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Thursday, August 19th, 2010

Stuck in the 90’s

My latest post is online at New Geography. It’s called “Stuck in the 90’s” and extends some of the ideas I’ve written about here regarding economic changes over the last couple decades. The 1990’s really were a great decade for job growth in America’s tier one cities. The 2000’s were a different story entirely. These places would be well served to start focusing as much on the basics of job creation as they do on glamour projects.

5 Comments
Topics: Demographic Analysis, Economic Development

5 Responses to “Stuck in the 90’s”

  1. Patrick says:

    Stuck in the 90’s is one of the best songs by Canadian band Moxy Fruvous. Not sure the very literal video works as well as the song, but enjoy.

    http://www.youtube.com/watch?v=e9_avPkF7JA

  2. aim says:

    I have to say I walked away from this article a bit let down. You’ve identified the problem (lack of job creation) and the pitfall of urban advocates ignoring that as fundamental key to successful cities. But where’s some proposed solutions or ideas about how to move job creation to the front and center of urban development? Part 2 perhaps?

  3. Well, I can’t do it all in one article! It’s definitely something that requires a lot of thought. Look back at my post on Chicago’s structural advantages for some of the suggestions I made for that city.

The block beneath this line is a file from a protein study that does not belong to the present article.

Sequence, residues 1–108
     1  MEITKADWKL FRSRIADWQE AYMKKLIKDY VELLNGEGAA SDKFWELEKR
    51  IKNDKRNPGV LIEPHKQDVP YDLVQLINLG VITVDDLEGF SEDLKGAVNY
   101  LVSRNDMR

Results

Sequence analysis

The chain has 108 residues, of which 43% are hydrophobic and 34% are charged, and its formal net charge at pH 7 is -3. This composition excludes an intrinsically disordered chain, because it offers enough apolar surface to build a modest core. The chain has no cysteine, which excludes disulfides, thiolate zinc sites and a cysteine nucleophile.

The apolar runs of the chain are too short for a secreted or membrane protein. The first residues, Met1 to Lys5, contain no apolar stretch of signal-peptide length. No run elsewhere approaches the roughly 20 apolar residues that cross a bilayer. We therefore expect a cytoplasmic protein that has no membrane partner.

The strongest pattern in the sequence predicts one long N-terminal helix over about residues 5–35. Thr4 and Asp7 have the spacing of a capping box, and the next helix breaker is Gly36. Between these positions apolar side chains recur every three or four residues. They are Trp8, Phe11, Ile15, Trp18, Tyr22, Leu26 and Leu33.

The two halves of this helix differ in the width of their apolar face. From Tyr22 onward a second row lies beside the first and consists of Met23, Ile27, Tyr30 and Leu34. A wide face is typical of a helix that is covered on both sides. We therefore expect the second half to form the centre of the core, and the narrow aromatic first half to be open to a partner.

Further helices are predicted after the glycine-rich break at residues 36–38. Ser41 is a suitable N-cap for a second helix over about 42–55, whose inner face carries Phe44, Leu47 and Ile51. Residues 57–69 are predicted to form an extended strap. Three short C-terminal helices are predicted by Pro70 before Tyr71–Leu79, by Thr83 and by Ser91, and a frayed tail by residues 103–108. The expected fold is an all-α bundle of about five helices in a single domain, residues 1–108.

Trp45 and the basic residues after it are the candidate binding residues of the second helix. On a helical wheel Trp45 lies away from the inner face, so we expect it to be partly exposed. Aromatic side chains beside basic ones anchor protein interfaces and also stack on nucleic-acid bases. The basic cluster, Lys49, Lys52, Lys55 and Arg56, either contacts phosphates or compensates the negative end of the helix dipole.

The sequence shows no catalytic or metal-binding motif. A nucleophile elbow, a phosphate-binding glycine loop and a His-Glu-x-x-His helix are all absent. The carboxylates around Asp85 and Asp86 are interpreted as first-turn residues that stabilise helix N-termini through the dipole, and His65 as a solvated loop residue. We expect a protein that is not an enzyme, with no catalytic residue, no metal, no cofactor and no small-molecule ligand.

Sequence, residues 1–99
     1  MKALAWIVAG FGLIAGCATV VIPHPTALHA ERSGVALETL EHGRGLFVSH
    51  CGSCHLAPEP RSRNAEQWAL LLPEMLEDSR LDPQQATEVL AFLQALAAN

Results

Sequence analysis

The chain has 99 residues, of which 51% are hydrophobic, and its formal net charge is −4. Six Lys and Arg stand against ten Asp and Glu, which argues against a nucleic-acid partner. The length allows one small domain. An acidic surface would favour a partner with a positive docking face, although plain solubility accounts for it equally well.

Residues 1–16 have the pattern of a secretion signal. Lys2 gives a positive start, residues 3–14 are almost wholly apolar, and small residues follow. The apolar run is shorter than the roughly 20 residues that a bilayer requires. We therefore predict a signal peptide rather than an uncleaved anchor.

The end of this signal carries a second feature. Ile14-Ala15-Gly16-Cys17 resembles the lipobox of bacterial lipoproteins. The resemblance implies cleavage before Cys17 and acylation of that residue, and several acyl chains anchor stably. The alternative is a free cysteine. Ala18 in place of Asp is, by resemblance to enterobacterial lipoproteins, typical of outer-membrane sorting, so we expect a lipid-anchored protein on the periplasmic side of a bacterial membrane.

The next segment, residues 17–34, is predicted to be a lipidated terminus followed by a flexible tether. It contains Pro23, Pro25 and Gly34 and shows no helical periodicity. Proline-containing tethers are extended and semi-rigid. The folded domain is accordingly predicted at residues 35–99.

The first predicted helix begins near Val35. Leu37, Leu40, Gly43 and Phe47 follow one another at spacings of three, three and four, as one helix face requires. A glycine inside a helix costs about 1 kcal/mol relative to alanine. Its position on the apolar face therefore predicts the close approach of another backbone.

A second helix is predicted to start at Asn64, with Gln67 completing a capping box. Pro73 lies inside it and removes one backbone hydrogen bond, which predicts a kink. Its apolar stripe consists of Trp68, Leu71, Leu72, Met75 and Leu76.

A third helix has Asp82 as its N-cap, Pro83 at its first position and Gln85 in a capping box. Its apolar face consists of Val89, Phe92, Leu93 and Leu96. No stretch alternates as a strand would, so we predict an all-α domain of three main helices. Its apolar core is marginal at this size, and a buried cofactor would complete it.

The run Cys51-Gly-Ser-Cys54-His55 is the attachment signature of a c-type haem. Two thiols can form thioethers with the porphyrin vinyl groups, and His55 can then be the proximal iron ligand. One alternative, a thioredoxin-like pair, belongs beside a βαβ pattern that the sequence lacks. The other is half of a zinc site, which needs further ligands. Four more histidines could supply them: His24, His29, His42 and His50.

4. Alon Levy says:

    Aaron, in the 2000s job creation sucked nationwide, so you shouldn’t blame poor urban planning for it.

  5. aim says:

    I realize that the limitation on the length of the article may have been driven by the venue. But I’m used to your lengthy posts here so perhaps my expectations were a bit higher than to the average reader at New Geography. I think that article would be fine if it was presented as an introduction to a series of articles that first identifies the fundamental issues/problems (as you did in your article) and continues with more generalized proposals for solutions and then moves into more detailed analysis of what works and what doesn’t using example cities. I had read the Chicago article and I think it did a good job of identifying some ways forward. But how about looking at cities that you consider “success stories” and unpacking the ways that they have been successful so that others can better understand how successful cities got that way and what lessons can be learned from their experiences.

    I don’t intend for this to be a criticism of your article. It’s just that there seems to be a million people who write articles identifying the problem of the day. Yet few of them ever offer up ideas or suggestions on how those problems can be address. I enjoy the people who offer up solutions. Even when I don’t agree with the proposals, it’s something to think about. In contrast, the whole “look at the problem I’ve identified” form of articles that seems so common doesn’t do much for me.

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